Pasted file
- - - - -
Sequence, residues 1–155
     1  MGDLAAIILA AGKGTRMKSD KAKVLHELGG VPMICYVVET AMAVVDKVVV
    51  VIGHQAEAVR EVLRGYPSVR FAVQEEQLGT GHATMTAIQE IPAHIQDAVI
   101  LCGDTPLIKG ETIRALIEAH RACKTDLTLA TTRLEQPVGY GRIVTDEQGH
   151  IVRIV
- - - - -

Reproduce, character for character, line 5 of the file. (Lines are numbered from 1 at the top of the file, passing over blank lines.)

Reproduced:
   151  IVRIV